Posted June 25, 2009 3:15 pm by with 14 comments

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By Anthony Verre

If You’re Not An 800 lb Gorilla, You’re Guerrilla

It’s no big secret: PPC is competitive. And any advantage you can get is always an edge. The hardest part is finding the edge you can leverage effectively, efficiently, and strike a resonating blow. It sounds like war because it is. Pay-Per-Click generals need to find and exploit the weaknesses of competition.

Small businesses face a number of challenges in the PPC battleground, chief among them being that they have small-ish/smaller budgets than their larger counterparts. Meaning, for highly competitive and general keywords within your vertical, it’s difficult to compete. As such, brute force click-bids are impossible leverage because your competition will effectively price you out. Therefore, small businesses must leverage the one strength that a majority of them possess: small guerrilla marketing.

Exploiting the Competitor’s Strategy: Research

You know what your business-centric keywords are. You dredged your analytics for the keywords driving traffic and conversions. You’ve got your negative keywords in place to guard against unqualified click traffic. Whatever words you’ve found, you can bet your competitors found too. Here’s where your research skills come in.

Who Your Competition Really Is

Take a handful of keywords you’ve found and search them. You’ll be looking at company names you’ve never heard of before. That’s your market share competition now; those are companies you need to research and create a PPC strategy around.

To keep trying to outmaneuver Company X because for years it has always been Company X eating up market share, is to waste your online marketing effort and money. Your competitors are those that are competing for your keywords.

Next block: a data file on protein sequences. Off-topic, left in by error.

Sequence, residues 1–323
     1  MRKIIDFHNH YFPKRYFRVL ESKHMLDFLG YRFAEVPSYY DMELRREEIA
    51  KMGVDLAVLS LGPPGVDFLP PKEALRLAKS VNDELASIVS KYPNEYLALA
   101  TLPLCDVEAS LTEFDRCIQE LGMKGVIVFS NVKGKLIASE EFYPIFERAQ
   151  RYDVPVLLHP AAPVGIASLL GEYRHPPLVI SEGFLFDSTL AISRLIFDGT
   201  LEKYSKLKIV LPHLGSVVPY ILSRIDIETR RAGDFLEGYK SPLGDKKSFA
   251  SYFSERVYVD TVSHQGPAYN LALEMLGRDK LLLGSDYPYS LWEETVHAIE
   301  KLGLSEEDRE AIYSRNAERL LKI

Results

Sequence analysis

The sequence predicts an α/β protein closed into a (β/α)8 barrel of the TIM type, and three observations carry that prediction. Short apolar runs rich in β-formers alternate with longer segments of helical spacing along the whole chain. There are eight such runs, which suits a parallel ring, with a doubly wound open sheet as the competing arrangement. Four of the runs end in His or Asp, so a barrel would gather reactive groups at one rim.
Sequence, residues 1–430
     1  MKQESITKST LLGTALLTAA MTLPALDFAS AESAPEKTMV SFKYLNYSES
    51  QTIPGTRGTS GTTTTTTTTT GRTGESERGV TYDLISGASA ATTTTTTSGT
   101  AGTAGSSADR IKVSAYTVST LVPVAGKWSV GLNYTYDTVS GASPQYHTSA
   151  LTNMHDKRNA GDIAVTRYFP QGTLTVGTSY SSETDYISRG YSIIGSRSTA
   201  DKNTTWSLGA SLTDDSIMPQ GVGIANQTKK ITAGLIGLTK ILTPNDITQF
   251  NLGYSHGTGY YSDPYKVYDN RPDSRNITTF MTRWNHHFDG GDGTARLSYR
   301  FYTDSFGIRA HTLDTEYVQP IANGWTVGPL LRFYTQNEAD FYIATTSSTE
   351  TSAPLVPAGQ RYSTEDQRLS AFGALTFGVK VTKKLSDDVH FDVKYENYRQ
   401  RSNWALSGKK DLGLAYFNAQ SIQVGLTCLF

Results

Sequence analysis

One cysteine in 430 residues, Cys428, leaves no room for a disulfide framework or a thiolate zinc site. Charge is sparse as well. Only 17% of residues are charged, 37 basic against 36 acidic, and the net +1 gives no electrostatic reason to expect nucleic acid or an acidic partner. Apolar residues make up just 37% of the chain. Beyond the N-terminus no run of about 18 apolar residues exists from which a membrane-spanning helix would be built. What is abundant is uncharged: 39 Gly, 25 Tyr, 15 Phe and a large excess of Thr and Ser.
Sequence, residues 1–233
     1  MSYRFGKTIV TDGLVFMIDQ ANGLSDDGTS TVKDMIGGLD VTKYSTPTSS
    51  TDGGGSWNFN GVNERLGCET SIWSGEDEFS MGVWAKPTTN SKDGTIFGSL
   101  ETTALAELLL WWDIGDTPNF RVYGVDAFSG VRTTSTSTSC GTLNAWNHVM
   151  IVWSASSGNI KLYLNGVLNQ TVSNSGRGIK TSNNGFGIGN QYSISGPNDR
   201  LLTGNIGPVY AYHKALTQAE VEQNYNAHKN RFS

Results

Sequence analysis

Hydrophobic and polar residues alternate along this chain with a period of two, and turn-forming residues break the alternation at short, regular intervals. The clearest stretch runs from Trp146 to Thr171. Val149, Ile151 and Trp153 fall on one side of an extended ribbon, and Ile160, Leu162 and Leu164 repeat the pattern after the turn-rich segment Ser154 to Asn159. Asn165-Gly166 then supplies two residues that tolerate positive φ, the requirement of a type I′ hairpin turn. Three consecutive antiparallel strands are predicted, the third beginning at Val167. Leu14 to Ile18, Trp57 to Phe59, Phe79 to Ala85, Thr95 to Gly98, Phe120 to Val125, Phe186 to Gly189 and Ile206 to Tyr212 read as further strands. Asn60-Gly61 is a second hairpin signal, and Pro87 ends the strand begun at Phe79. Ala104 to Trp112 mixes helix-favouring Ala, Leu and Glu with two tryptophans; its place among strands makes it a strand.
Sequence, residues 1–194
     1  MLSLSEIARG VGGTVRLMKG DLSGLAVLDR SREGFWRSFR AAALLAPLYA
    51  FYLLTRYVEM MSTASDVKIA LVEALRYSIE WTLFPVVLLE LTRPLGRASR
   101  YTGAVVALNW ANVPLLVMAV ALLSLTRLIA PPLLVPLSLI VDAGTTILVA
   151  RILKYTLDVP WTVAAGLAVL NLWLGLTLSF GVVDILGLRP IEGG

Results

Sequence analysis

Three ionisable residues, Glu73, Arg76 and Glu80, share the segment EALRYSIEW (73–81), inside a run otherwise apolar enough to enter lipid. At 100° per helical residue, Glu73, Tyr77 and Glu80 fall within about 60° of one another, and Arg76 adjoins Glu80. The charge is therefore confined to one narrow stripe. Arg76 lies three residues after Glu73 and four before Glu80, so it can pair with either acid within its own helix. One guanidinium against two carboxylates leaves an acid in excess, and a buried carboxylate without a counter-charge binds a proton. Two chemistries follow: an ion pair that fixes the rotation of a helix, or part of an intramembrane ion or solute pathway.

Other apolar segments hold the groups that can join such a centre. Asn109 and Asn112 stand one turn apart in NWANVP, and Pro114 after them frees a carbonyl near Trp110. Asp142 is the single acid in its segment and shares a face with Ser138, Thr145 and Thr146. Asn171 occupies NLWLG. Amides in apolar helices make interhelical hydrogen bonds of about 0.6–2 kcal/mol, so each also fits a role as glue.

Tools to Find Your Competitors’ Mid-Tail and Long-Tail Keywords

Now that you’ve isolated the top competitors for each of your keywords, it’s time to find out what other keywords they bid on. And what they don’t. Drop in your competitor’s URLs and/or keywords and get tons of valuable information. From ads to ad spend trend lines to a fairly complete list of keywords each competitor is paying for.

You can find out where you overlap in keywords, especially on larger terms, but more importantly, you can find out what keywords they’re NOT buying. You can adjust your strategy to take advantage and leverage the mid-tail and long-tail keywords your competition may be under-bidding and/or ignoring all together. Additionally, you can adjust your strategy to hone in on the more general keywords you can’t live without.

Your Secret Weapon: Hubris

Fortunately for you, most businesses have a major chink in their armor: hubris. It’s something most businesses never protect because their egos won’t let them, or they haven’t actually thought about it: their brand name.

You can create a competitor campaign that targets the competitors’ brand name. The objective with this type of campaign is simply to draft traffic away and conversions from brands when users/consumers search them and to simultaneously create brand recognition. “18.1% – 28.5% of searchers looked for brand names…only when consumers are close to making a final purchase decision that they enter brand names into search engines.” [Jim Hedger, “Consumers Search Before Buying”]

Take these examples:

  1. Starbucks
  2. CocoKey Water Resort
  3. Edward Jones

Bending the Consumer Purchase Funnel

Since there are no viable competitors, in the examples above, on these brand name keywords, the clicks will be inexpensive with possibility of a huge payoff (it might not be a bad idea to guard your own brand name while you’re at it). At one of the most crucial times in the consumer purchase funnel you have the opportunity to help change their minds and move them in a different direction. And, even if you don’t persuade them, you’ve given yourself brand recognition and the consumer an alternative if they don’t find what they need.

Ready for Battle?

This is an entry to Marketing Pilgrim’s 4th Annual SEM Scholarship contest.